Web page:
Thursday, May 10, 2012

Naval Battle of Plumb Point Bend

Charles Henry Davis
While the land forces were fighting at Shiloh and elsewhere, the Union navies continued to work towards the capture of the Mississippi River. After Island Number 10 was captured, the Union gunboats moved down to Fort Pillow. The fleet lacked infantry to take the fort, so an ironclad and a mortar boat were stationed to throw a shell into the fort ever half hour, while the other seven gunboats remained upstream out of danger at Plumb Point Bend. The commander of the fleet, Andrew Foote, left the command because of a wound he had received at Fort Donelson. He was replaced by Commodore Charles Henry Davis, a long time navy officer. The day after he took command, May 10th, 1862, he was attacked by a Confederate flotilla. It was composed of eight small gunboats from under J. E. Montgomery, a river boat captain. The ships were from New Orleans, part of what was called the River Defense Fleet. They were civilian steamboats that had been converted for military use, and were called cottonclads because of the practice of putting bales of cotton to protect from enemy shot. Although they were much weaker than the true ironclads, they hoped to make up in daring and surprise what they lacked in firepower.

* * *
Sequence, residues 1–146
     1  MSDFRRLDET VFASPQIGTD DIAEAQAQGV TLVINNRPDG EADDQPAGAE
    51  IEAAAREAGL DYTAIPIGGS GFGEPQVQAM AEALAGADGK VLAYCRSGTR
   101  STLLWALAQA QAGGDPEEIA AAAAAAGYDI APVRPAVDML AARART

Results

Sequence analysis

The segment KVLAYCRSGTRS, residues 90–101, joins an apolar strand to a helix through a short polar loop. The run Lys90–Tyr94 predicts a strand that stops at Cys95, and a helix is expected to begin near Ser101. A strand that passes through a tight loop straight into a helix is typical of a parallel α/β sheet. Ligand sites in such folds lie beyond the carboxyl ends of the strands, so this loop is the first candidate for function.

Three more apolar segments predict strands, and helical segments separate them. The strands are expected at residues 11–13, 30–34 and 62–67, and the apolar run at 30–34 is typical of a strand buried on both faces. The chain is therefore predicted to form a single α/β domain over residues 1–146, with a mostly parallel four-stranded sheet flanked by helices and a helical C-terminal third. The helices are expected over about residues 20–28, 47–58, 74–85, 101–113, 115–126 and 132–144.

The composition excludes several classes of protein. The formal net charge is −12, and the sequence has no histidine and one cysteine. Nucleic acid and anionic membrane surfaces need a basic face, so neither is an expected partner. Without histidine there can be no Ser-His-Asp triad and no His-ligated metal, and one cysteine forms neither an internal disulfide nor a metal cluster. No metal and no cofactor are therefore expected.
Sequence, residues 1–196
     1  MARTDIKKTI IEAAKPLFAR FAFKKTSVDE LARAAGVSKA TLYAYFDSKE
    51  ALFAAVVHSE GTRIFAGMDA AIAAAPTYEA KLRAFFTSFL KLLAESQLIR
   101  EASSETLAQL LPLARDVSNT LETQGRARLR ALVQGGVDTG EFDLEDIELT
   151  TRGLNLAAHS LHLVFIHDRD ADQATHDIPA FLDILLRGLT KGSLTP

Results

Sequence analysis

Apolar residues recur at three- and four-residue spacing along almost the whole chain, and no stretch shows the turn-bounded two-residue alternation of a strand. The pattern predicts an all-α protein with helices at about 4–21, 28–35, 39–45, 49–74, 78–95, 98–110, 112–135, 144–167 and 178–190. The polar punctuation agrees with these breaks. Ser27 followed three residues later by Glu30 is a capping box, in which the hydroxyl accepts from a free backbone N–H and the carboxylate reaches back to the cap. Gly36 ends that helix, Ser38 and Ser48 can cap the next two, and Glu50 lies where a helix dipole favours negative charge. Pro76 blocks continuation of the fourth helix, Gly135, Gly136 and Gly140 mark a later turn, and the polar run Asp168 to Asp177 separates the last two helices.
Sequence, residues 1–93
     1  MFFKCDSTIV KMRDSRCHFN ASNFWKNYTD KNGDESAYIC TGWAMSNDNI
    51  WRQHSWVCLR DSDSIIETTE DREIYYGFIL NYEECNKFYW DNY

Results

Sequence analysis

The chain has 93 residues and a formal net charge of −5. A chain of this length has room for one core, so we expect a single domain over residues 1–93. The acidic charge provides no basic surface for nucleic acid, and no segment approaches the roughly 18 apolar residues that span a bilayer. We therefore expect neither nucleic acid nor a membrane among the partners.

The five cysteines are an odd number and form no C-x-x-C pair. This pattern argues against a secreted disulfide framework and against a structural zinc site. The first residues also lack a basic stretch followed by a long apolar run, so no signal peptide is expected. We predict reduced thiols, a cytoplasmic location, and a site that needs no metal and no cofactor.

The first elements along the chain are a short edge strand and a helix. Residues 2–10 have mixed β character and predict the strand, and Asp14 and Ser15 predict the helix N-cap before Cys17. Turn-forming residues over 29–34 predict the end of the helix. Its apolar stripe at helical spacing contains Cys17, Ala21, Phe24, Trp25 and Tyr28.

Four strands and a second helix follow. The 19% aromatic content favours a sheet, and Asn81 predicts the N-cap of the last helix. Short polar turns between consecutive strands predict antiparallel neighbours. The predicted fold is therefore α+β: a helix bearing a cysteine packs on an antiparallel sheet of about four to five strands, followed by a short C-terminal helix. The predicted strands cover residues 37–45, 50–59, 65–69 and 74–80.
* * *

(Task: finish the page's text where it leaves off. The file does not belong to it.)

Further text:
They struck at 7:00. The  ironclad Cincinnati guarding the mortar boat, but the captain was not expecting an attack and the ship did not have steam up in her boilers, meaning she was immobile. When they sighted the rebel rams coming up river, they had only eight minutes to react. They tried throwing whatever flammable they could find in the furnaces, but were still unprepared when the steamboats arrived. The Cincinnati fired a broadside at the lead ship, the General Bragg, but was then struck by the ram. A twelve foot hole was tore in her side, flooding the magazine. The Sumter and Colonel Lovell also rammed, making more holes in the Cincinnati and sending her quickly to the bottom. Now the Mound City arrived, having been sent by Davis to assist the Cincinnati. She arrived too late to save the Cincinnati, and the General Van Dorn crashed through her starboard side, sending a second ironclad to the bottom. Montgomery fell back to Fort Pillow not wanting to risk a battle with the other five ironclads. But he had gloriously shown that ironclads could be sunk, and it seemed possible that these little rams might be able defeat the federal fleet. But they were not enough to save Fort Pillow. It was abandoned on July 4th to keep from getting cut off from the rest of the Confederate armies.


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